Neither of these love actions had anything to do with music. Still, we became connected forever because of those acts of love. Martine recently spoke about her experience at HPSI in an interview. “Parents, families, students, teachers, and staff all come together to create first and foremost a community, and music is taught in this environment of trust, love, and care. When new students join my class, I work on connecting them to the rest of the class.” 

Maintaining relationships is part of the job. 


Showing up for celebrations, crises, or just taking responsibility for another person’s child are acts that bind the community together: parents, faculty, and staff know it is part of the job. The best part of HPSI is that “bring your child to work day” is every day. For parents with multiple children at HPSI, there is the peace of mind that comes with knowing your children are loved even when you’re not watching. In the hallway, teachers will say hello to your child with a smile. Someone else is going to ask your child how they’re doing, and someone else’s mama is going to sternly tell them to stop running in the hall, but with love. There’s always a built-in babysitter around to give parents a moment to breathe!

Today in education, I think they call it (SEL) Social Emotional Learning. But at HPSI, we’ve always known intuitively that when children feel emotionally connected, that is the foundation for all learning. The commitment to connect, help, and collaborate as parents and faculty is contagious and almost palpable to a new parent as soon as they walk in the door.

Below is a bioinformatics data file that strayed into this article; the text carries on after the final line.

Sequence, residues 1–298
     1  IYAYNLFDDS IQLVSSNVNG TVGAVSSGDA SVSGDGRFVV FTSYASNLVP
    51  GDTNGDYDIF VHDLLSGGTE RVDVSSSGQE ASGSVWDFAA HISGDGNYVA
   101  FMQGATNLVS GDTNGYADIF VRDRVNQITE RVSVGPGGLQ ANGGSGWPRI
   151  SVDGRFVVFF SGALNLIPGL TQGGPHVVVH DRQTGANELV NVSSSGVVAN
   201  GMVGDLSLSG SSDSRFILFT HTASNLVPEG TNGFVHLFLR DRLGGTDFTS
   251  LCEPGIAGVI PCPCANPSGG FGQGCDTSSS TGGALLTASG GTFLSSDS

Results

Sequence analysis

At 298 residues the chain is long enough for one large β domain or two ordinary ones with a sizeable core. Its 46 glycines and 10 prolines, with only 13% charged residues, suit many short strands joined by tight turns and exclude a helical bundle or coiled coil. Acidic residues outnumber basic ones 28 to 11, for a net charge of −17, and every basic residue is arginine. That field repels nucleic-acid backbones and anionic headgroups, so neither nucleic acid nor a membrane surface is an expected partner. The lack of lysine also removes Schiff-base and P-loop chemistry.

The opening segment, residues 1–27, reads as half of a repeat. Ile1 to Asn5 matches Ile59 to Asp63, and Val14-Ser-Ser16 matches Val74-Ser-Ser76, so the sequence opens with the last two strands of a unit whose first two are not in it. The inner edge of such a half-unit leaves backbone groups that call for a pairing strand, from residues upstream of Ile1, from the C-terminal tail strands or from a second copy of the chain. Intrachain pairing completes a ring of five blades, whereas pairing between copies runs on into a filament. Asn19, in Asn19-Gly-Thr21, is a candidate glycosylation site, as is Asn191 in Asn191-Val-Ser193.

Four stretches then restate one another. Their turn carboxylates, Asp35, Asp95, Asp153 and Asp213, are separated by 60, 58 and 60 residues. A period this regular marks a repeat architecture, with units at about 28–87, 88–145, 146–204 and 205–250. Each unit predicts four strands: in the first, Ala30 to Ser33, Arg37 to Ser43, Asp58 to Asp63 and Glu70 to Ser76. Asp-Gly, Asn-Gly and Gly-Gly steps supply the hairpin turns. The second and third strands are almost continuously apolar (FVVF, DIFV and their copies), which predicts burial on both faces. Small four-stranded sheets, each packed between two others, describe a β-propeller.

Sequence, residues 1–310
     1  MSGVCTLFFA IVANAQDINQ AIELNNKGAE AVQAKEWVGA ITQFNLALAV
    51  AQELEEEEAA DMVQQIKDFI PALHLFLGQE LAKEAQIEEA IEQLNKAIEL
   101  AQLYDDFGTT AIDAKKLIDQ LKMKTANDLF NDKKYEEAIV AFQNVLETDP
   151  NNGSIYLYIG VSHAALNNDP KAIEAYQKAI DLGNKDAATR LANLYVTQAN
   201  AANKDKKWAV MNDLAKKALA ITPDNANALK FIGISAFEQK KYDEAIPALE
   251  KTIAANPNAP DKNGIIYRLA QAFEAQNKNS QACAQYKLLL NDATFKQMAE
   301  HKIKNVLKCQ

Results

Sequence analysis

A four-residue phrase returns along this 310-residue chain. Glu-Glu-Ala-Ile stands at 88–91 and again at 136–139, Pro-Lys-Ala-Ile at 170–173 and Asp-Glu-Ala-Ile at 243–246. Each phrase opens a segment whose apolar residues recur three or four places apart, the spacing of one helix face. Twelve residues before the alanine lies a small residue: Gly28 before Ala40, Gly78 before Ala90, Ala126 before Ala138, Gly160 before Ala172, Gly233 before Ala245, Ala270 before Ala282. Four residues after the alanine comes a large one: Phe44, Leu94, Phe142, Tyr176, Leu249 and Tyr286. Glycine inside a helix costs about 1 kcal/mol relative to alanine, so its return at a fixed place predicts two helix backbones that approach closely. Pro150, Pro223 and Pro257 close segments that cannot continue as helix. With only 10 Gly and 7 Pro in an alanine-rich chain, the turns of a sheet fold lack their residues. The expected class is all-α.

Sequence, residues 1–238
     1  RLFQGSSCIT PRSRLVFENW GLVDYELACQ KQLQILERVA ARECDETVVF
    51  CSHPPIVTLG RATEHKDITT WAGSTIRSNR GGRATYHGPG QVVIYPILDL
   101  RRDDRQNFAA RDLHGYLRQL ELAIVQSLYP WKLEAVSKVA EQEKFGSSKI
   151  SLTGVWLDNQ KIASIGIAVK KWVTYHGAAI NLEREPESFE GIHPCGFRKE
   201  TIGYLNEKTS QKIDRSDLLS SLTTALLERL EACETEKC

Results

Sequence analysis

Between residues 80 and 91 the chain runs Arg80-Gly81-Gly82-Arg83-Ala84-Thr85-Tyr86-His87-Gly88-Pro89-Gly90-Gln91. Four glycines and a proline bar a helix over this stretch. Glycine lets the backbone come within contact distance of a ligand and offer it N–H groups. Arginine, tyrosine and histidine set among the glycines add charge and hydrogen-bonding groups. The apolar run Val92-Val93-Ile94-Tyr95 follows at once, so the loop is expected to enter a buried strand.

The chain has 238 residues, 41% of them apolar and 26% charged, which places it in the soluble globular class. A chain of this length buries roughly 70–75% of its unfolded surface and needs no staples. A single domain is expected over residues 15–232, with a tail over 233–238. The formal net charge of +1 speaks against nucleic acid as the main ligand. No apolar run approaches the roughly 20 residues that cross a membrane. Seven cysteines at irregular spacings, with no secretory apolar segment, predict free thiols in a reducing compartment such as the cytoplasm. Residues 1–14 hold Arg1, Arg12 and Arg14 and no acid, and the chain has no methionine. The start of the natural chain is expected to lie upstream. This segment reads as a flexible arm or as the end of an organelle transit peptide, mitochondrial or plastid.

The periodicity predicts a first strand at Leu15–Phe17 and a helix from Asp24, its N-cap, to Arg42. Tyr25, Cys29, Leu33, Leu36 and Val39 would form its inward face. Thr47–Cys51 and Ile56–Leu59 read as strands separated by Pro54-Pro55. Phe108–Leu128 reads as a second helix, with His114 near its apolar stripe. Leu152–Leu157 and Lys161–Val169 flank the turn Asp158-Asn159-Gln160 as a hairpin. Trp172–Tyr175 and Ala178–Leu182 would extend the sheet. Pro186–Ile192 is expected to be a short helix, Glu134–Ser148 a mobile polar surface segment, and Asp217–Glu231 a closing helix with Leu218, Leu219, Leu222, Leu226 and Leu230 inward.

Lucinda Ali Landing playing violin in a classroom with two young students

I am passionate about teaching families that are committed to learning and committed to each other, resulting in children who excel. The children are friends beyond music. They encourage and cheer for each other to be their best, or at least not to quit so they can see each other.


My passion for teaching children intentionally to a high skill level is fueled by this extended family, however, this ideology doesn’t always come naturally, and our school is not a good fit for everyone. After 21 years of nonstop parenting, I understand wanting to be a “JDO” (Just Drop Off) parent. My favorite sign we have posted at the entrance says, “Children without a parent will be given an espresso and a puppy.” Families do best here when they’re deeply involved—and there is definitely extra encouragement not to be a JDO parent!

Perpetuating and sustaining this community model into the future is my new work. 

How do you mandate love in an employee manual? How does one convince funders that this critical connection is the measurement that creates excellence in children? How does one train teachers to be open to the extended family concept?

We shall see: HPSI is a work in progress. But for now, I use this as a gauge: I tell our new teachers in training, “If you’re not receiving invitations to students’ birthday parties, bat mitzvahs, baby showers, and anniversaries, then you haven’t connected to the family yet.” Just start with being genuinely interested in the student and family, and then teach the lesson.